The agritech startup FarmLink has secured an investment of US $3 million from the investment firm-cum-incubator, Pioneering Ventures and agrochemical company, Syngenta, according to sources from the startup, who announced this news yesterday (08/11/2017). The investment of US $3 million constituted Series A round of funding for the startup. This round of funding comes three years after the startup was incubated by Pioneering Ventures. The startup will use the funds to create an all India network of collection and service centres, boost its technological and analytical capabilities and improve the supply chain from farm to shelf. The startup is aiming for a 400 to 500% growth in revenues by 2019. Read more on Investments
FarmLink was founded in 2014. It purchases fresh fruits and vegetables from farmers and supplies it to the retailers it has tie-ups with. Star Bazaar and Vista Processed Foods are currently the startup’s clients. The startup also plans to supply its produce to supermarket chains, quick-service restaurant chains, e-commerce food platforms and industrial processors. The good news is that FarmLink promises a secure source of income to farmers by means of long-term purchase agreements with them. In addition to supporting farmers to improve the quality and yield of their crops, the startup is striving to provide farmers with knowledge on how to employ scientific methods in their farming practices and how to operate bank accounts (how to open a bank account and operate the same).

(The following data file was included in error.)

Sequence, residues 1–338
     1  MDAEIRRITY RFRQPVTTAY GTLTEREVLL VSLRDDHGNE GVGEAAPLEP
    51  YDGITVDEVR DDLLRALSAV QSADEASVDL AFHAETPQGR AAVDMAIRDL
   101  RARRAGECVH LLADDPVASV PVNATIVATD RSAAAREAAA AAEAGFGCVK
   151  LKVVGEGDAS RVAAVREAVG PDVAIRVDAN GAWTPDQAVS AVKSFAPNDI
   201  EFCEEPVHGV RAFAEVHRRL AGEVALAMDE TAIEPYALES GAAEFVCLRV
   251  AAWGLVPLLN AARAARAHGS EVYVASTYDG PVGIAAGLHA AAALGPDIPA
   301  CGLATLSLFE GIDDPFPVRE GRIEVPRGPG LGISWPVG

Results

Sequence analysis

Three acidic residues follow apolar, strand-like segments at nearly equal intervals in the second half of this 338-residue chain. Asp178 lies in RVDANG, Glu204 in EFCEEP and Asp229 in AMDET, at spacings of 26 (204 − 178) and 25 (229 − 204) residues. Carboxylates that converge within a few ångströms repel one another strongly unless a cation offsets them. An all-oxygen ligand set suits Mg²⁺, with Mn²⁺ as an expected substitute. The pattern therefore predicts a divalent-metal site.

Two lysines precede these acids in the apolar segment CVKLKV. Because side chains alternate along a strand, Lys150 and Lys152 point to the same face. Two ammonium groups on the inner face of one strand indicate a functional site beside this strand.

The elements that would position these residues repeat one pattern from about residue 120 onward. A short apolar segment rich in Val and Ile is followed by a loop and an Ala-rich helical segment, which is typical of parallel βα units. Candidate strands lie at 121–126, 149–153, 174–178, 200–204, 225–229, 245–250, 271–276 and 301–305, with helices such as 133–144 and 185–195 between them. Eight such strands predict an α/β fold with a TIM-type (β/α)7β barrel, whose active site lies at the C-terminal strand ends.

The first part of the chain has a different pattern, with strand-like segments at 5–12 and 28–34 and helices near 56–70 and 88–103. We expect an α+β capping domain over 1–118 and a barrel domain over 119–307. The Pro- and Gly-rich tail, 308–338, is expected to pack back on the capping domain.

So far the startup has distribution and collection centres in Maharashtra, Karnataka and Telangana and supplies vegetables and fruits from 700 farmers across these states. The startup plans to increase its presence throughout India (with the help of this investment from Pioneering Ventures and Syngenta) and supply produce from 3000 farmers across the country by 2019.
Speaking about FarmLink’s plans for the immediate future, COO, Sreeram Chellappa said, “There will be smaller satellite collection centres which will support the existing four mother distribution centres and they would be allied to the existing centres in south India”.
FarmLink is currently developing a B2B analytical tool called FarmTrace which will help its clients, trace the location of produce (which is due to be delivered to them) from farm to shelf.
Elaborating further, Akshaya Kammath, Director of Pioneering Ventures India, said, “The idea is to get a full passcode of the product and track the entire process and transformation that the product has gone through from farm-to-fork. We expect to go live with FarmTrace by the end of March 2018”.
FarmLink is the need of the hour for Indian farmers and consumers because Indian farmers need a stable source of income (which FarmLink promises) more than anything else to prevent them from committing suicides, due natural catastrophes and Indian consumers also need to get access to hygienically and scientifically produced fruits and vegetables as most of the so-called “fresh” fruits and vegetables in the markets these days contain high levels of pesticides which can lead to food poisoning and other disorders if not cleaned properly. FarmTrace will also enable supermarkets to track their produce with ease and ensure availability of fresh fruits and vegetables on their shelf. More agritech startups should take cue from FarmLink and better the lives of Indian farmers and consumers. The government of India should also fund, incubate and promote such innovative and useful startups. Read more on Startup News
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